Naturbarnehage eller friluftsbarnehage: These are preschools that are based on conducting their learning and childcare outside for large parts of the day. Rain or shine. Bitter cold days in December or windy days in the spring. The four seasons in Norway are not a reason to go inside if you choose to send your children to a friluftsbarnehage, or “open-air preschool”.

Familiebarnehage: Or “family preschool”, which is most often set up in a private home. However, all family preschools are required to have assistance from an educated preschool teacher.

Åpen barnehage: Or “open preschool”, which is an establishment set up where parents can attend the daycare with their children. It’s often used by parents who are home with their children during the day and want to socialise with other parents and give their children a chance to play with others. There is no monthly payment attached to this type of preschool. Open preschool can be free of cost or charge a very affordable drop-in price.

Useful vocabulary and facts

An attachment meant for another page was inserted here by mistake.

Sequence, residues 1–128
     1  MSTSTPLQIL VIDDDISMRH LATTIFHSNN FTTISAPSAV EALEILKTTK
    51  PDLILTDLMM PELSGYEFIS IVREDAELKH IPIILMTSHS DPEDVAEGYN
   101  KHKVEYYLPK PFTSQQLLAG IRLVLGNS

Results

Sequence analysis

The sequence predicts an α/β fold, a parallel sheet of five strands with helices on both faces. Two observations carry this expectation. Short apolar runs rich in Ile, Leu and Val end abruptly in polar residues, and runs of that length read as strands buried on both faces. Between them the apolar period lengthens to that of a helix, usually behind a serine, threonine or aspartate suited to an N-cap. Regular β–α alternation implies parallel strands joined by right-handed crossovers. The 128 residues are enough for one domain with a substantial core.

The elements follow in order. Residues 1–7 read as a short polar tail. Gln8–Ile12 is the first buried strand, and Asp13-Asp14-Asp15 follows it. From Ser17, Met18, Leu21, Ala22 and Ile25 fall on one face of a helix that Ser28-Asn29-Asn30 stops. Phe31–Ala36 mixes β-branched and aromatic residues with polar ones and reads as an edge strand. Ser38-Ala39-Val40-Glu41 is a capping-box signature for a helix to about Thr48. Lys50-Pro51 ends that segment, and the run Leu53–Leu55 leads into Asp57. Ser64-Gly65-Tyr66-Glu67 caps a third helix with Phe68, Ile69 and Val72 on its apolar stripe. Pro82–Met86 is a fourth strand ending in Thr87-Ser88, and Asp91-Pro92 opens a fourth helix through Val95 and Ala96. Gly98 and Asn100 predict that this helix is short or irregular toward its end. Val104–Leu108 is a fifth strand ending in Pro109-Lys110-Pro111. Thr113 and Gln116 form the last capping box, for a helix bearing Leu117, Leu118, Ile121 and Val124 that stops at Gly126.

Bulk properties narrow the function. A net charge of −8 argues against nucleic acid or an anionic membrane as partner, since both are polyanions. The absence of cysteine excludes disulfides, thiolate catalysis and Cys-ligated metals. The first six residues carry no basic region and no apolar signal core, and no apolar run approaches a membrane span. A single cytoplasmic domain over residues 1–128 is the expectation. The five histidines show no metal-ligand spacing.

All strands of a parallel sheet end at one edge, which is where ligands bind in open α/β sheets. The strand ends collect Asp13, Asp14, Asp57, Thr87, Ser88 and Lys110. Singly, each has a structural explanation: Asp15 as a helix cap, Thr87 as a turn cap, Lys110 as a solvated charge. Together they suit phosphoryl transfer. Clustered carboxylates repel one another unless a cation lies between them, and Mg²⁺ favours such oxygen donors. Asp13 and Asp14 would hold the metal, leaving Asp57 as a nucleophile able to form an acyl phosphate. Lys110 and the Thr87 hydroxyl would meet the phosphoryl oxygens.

Nearly 90 percent of preschool teachers in Norway are female.

The barnehage is a central part of many communities. Both in small towns and large cities. It is common for most preschools in Norway to host a dugnad (usually during the autumn and spring). Dugnads encourage parents and caregivers to help with the maintenance of the preschool. Typical tasks include cleaning common areas indoors, painting the preschool’s fences, and raking leaves. 

Norwegian expression of the day: Dugnad

Barnehage tante or “preschool aunt” is an outdated term sometimes still used to describe employees who work in a preschool. Even if you have heard others using the term, try and refrain from doing so yourself. Many who work in a preschool find it to be both belittling and outdated.

Omsorg – care

Sove-tid – nap time 

Åpningstider/stengetider – opening times/closing times